Vocal harmony  

From The Art and Popular Culture Encyclopedia

Jump to: navigation, search

Related e

Google
Wikipedia
Wiktionary
Wiki Commons
Wikiquote
Wikisource
YouTube
Shop


Featured:
Train wreck at Montparnasse (October 22, 1895) by Studio Lévy and Sons.
Enlarge
Train wreck at Montparnasse (October 22, 1895) by Studio Lévy and Sons.

Vocal harmony is a style of vocal music in which a consonant note or notes are sung at the same time as a main melody in a predominantly homophonic texture. Vocal harmonies are used in many subgenres of European art music, including Classical choral music and opera and in the popular styles from many Western cultures ranging from folk songs and musical theater pieces to rock ballads. In the simplest style of vocal harmony, the main vocal melody is supported by a single backup vocal line, either at a pitch which is above or below the main vocal line, often in thirds or sixths which fit in with the chord progression used in the song. In more complex vocal harmony arrangements, different backup singers may sing two or even three other notes at the same time as each of the main melody notes, mostly with consonant, pleasing-sounding thirds, sixths, and fifths (although dissonant notes may be used as short passing notes).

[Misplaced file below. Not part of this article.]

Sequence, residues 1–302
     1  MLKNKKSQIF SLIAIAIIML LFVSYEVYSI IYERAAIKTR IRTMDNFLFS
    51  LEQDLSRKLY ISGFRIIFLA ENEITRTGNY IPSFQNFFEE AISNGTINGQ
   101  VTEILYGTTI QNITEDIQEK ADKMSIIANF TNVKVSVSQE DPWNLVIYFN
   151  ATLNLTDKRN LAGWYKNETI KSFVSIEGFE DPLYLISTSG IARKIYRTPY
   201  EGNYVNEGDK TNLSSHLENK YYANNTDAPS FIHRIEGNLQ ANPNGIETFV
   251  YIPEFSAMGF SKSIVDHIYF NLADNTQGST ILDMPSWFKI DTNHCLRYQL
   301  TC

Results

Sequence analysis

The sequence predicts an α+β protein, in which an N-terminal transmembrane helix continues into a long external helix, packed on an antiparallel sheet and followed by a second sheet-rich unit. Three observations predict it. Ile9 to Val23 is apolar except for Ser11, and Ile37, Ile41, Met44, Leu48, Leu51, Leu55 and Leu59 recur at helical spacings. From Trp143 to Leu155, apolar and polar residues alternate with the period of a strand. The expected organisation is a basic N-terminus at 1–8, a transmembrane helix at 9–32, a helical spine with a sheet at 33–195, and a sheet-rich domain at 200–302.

See also




Unless indicated otherwise, the text in this article is either based on Wikipedia article "Vocal harmony" or another language Wikipedia page thereof used under the terms of the GNU Free Documentation License; or on original research by Jahsonic and friends. See Art and Popular Culture's copyright notice.

Personal tools